Pasture Aggression
 
 

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Pasture Aggression

This is a discussion on Pasture Aggression within the Horse Talk forums, part of the Keeping and Caring for Horses category
  • Horse aggression in the pasture
  • Aggressive horse behavior in pasture

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    11-24-2013, 06:36 AM
  #1
Foal
Pasture Aggression

Hello Everyone! I built my own barn 3 years ago and while I am a 30 year horsewoman...I am learning many interesting things when you only have 2 horses! It started with a buddy sour horse who finally had to be sold. I have had two together now for a year and they are great. Attached at the hip but both are able to be ridden individually with no problems. I have a third stall and recently my friend bought a gelding (my two are geldings as well) and moved him here. His name is Danny. Everyone got to meet in stalls next to each other. Turnout is fine with Danny and my horse Roux. However, my older horse (23!) seems to think he can only have one friend, and is very, very aggressive towards Danny. Whether it is just the two of them out, or all three of them out, Marquis wants to chase, bite, kick. I have 8 acres of turnout and my husband says let them sort it out. I agree to a point but the chase continues too often for my comfort. So now I am separating Roux and Marquis to see if I can break up this bond a bit. Roux and Danny out at night. Marquis and Danny out during the day. Separate fields would be great but expensive especially with having to get an additional shelter. Has anyone with only two horses had this much trouble introducing a third????
     
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    11-24-2013, 07:34 AM
  #2
Foal
I'm in the same boat, only I introduced a mare to a herd of two geldings. My boy decided he was alpha over all and tries to kill my mom's 33 year old gelding every chance he gets. In my case the aggression is not going away even after a year and I can't chance that they will work it out. The older guy can't take it anymore.

Thankfully I have separate pastures. The older boy will live out his remaining days in his own adjoining pasture.

Sorry I don't have more advice for your situation. It's too bad your existing setup couldn't be divided. I'm interested to see what other advice you receive.
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    11-24-2013, 10:14 AM
  #3
Foal
I don't have a lot of experience in this matter but what I've seen as new horses have been introduced in the pasture where I board is they will work it out themselves. It has taken as little as a few hours to a few weeks. Sometimes it get pretty ugly and they need to be separated for a while.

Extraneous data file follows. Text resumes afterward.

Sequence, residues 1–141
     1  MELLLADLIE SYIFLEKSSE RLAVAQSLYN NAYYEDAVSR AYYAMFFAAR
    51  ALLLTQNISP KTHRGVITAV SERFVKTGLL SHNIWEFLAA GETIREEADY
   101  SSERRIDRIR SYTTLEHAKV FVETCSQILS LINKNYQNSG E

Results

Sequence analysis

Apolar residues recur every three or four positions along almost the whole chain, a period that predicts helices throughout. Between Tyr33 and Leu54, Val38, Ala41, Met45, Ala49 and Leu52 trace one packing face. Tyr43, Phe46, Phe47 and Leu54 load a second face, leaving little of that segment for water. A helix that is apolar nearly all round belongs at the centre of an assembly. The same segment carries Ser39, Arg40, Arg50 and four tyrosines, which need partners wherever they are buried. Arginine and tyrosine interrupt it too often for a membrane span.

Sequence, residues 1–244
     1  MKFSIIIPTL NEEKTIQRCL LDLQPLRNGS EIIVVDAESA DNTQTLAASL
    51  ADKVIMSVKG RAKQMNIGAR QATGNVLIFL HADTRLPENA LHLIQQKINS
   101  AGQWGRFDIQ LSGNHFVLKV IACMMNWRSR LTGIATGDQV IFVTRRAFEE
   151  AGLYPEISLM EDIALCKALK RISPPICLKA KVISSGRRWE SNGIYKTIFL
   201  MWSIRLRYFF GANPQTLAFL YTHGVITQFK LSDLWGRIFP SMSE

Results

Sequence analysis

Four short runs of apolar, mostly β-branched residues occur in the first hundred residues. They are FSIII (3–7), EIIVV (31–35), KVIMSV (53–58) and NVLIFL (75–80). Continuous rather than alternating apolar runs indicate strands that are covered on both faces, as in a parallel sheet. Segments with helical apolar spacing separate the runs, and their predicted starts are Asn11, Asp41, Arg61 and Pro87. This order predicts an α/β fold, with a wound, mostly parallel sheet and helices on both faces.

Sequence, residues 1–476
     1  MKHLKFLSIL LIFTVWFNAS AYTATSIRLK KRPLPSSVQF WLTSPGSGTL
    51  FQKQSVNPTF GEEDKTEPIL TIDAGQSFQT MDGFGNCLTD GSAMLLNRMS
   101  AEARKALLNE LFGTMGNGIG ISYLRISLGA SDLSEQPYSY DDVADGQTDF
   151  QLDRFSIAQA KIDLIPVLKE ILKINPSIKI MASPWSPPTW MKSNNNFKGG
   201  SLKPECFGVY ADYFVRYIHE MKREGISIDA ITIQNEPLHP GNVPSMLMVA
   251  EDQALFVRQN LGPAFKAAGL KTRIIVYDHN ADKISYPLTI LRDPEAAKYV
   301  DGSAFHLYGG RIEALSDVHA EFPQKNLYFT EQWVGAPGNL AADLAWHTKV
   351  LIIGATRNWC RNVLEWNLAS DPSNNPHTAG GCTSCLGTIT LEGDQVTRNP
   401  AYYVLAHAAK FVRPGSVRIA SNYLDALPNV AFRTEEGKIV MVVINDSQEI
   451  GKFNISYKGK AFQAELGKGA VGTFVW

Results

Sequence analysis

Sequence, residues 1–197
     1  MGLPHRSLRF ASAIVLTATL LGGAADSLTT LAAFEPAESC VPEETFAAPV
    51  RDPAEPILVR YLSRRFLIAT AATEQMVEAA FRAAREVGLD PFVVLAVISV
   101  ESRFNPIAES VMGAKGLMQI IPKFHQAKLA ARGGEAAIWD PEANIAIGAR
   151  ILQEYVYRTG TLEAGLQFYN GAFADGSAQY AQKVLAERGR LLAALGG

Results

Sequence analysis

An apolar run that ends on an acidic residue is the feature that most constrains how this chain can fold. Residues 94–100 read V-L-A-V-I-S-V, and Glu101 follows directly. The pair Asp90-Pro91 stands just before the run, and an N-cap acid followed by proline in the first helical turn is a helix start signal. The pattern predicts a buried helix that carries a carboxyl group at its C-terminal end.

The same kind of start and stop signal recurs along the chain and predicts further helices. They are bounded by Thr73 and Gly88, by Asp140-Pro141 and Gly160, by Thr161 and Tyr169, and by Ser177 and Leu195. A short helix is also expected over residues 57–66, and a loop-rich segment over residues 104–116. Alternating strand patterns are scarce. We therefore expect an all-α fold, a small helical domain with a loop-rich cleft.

Key
     
    11-24-2013, 10:42 AM
  #4
Trained
When a new horse is introduced into one of the herds here we turn them loose after a couple of days and allow them to sort it out.
The longest it has taken is nearly 3 weeks before things settle down and that was with a yearling who was sent to be trained and weaned. After 60 days at the trainers even her dam would not allow the filly near her.
It took 3 weeks before the filly could work her way back into the herd and another 3 weeks before she could graze of or beside her dam.
Those horses are doing what horses do in a herd environment establishing the pecking order and enforcing it.
Mine are not stalled so if you do stall them at night or remove one for a day or two they will start the process all over again.
It might be hard to watch but the only wounds I have seen here are superficial. Shalom
     
    11-24-2013, 12:43 PM
  #5
Foal
Thanks everyone. It has been 3 weeks already :( I'm going with my gut and trying to keep my original two apart for awhile in the hopes that my older guy will realize he is either alone or with the new guy. So make friends! The aggressive older guy is out with the new guy during the day so at least Danny can see well if a big chase entails. At night Danny is out with Roux, who is nice to him. Who knows...when all 3 are together eventually it may get ugly again but I hope not! I'm kind of worried to hear that swimminchikin had no luck after a year! In bigger herds it seems to work itself out better.
     
    11-24-2013, 07:59 PM
  #6
Foal